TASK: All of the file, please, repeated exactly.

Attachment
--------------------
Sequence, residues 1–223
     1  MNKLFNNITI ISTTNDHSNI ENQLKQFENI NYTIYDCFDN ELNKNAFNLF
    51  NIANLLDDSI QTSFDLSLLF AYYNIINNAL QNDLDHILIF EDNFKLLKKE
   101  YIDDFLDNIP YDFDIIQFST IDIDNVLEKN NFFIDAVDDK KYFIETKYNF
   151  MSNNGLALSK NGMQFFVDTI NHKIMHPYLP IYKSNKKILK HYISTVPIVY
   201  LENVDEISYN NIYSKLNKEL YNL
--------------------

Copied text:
Sequence, residues 1–223
     1  MNKLFNNITI ISTTNDHSNI ENQLKQFENI NYTIYDCFDN ELNKNAFNLF
    51  NIANLLDDSI QTSFDLSLLF AYYNIINNAL QNDLDHILIF EDNFKLLKKE
   101  YIDDFLDNIP YDFDIIQFST IDIDNVLEKN NFFIDAVDDK KYFIETKYNF
   151  MSNNGLALSK NGMQFFVDTI NHKIMHPYLP IYKSNKKILK HYISTVPIVY
   201  LENVDEISYN NIYSKLNKEL YNL